Using our above example, you receive $3,480 in rental income for the year ($290 each month * 12 months). If you made this money at a regular job or in the stock market, you would lose a significant portion of it to pay income taxes. However, by owning a rental property, you can offset the $3,480 income with the depreciation expense for your property, thus being able to reduce or completely eliminate the amount of taxes you have to pay on this rental income.
One last note: Speak to an accountant to determine all of your specific tax write-offs and remember being an income property owner is a huge commitment, but, if handled properly, that huge commitment can bring equally large financial rewards.
How To Calculate ROI For Real Estate Investments
By Marc Davis
Return on investment (ROI) is an accounting term that indicates the percentage of invested money returned to an investor after the deduction of associated costs. For the non-accountant, this may sound confusing, but the formula may be simply stated as follows:
But while the above equation seems easy enough to calculate, a number of variables including repair and maintenance expenses and methods of figuring leverage – the amount of money with interest borrowed to make the initial investment – come into play, which can affect ROI numbers.
The article below explains the two methods by which ROI calculations are made:
The Cost Method and the Out of Pocket Method
The Cost Method
The cost method calculates ROI by dividing the equity by all costs.
As an example, assume a real estate property was bought for $100,000. After repairs and rehab of the property, which costs investors an additional $50,000, the property is then valued at $200,000, making the investors’ equity position in the property 200,000 – (100,000 + 50,000) = $50,000.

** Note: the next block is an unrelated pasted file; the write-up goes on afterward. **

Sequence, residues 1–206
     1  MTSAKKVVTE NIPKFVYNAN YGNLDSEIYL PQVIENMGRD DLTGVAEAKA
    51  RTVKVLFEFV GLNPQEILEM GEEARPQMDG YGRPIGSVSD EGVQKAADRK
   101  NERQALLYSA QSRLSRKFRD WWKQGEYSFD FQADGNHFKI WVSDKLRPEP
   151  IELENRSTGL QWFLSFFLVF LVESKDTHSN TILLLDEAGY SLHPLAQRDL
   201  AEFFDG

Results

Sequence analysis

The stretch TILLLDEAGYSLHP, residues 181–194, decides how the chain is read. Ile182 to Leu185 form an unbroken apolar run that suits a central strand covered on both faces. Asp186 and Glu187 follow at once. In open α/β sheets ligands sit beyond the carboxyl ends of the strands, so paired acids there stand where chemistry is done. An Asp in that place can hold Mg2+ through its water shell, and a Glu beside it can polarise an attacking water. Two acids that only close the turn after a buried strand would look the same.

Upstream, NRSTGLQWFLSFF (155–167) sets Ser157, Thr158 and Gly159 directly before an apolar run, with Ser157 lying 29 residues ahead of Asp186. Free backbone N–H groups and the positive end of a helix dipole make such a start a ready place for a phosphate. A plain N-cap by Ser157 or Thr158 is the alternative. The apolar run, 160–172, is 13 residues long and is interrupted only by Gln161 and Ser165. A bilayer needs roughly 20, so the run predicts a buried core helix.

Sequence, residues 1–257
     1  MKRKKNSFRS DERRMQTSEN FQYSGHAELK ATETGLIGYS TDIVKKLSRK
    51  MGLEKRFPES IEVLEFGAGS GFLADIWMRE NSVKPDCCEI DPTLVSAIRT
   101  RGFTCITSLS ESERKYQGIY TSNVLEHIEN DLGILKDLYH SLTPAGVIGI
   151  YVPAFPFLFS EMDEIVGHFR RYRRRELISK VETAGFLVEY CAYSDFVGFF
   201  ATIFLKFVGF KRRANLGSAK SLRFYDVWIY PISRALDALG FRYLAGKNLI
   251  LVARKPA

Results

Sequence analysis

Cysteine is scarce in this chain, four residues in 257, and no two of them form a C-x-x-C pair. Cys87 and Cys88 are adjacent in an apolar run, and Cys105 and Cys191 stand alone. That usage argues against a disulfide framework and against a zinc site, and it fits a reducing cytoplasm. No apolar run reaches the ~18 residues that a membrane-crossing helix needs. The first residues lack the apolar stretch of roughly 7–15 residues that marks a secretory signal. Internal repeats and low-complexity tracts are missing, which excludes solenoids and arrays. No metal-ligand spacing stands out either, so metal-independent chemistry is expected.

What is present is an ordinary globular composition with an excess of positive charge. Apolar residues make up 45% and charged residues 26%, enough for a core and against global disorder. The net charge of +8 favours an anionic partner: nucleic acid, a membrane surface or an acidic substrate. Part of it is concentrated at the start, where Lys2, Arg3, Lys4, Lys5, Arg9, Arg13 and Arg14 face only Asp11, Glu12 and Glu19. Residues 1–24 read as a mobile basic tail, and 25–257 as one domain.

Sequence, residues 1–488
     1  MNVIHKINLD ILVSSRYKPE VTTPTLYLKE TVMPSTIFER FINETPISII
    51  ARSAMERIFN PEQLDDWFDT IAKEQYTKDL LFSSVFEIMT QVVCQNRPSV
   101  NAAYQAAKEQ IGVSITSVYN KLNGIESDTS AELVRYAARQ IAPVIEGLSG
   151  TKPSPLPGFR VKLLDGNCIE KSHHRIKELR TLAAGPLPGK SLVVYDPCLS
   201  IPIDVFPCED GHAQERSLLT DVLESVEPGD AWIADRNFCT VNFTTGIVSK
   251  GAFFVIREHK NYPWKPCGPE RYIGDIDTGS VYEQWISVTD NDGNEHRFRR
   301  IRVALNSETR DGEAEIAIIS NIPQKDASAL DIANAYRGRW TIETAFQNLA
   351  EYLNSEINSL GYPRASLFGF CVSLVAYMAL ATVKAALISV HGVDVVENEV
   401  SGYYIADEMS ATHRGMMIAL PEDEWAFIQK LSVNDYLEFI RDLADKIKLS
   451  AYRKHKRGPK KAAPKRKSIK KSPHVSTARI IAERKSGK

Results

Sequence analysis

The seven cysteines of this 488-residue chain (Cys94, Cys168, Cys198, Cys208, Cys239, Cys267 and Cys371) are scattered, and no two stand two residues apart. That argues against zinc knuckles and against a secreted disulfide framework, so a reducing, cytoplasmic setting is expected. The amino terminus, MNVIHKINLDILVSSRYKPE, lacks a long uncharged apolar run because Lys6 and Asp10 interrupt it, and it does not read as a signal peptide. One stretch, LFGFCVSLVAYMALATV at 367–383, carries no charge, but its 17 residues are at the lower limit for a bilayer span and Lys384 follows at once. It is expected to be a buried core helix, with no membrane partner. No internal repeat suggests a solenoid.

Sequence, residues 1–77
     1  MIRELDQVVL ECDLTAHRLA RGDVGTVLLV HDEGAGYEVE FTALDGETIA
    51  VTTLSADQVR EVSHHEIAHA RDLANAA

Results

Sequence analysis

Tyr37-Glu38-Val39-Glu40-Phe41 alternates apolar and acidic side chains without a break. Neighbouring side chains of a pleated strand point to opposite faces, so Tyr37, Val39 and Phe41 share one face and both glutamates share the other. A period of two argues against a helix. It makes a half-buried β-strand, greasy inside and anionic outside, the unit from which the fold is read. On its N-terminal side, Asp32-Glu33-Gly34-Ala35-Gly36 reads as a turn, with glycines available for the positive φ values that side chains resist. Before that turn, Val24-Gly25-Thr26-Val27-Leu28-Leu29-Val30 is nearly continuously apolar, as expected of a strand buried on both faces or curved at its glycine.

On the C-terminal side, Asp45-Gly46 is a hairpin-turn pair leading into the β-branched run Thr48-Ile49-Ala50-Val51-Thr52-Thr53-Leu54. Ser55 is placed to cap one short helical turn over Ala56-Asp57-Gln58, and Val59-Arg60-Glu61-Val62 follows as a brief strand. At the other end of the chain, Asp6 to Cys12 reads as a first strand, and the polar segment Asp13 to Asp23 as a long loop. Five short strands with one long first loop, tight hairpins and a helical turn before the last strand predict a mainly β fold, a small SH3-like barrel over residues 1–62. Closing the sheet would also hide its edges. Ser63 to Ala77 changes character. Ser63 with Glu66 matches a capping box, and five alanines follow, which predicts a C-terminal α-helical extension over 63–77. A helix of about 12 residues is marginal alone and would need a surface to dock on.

The cost method requires the dividing of the equity position by all the costs related to the purchase, repairs and rehab of the property.
ROI, in this instance, is .33 % – $50,000 divided by $150,000.
The Out of Pocket Method
The out of pocket method is preferred by real estate investors because of higher ROI results.
Using the numbers from the example above, assume the same property was purchased for the same price, but this time the purchase was financed with a loan and a down payment of $20,000. Out of pocket expense is therefore only $20,000, plus $50,000 for repairs and rehab, for a total out of pocket expense of $70,000. With the value of the property at $200,000, the equity position is $130,000.
The ROI, in this case, is .65 % – $130,000 divided by $200,000. The result is just one percent less than double the first example. The difference, of course, is attributable to the loan – leverage as a means of increasing ROI. (To gain more knowledge about leverage, read: Leverage: Increasing Your Real Estate Net Worth. )
Equity Is Not Cash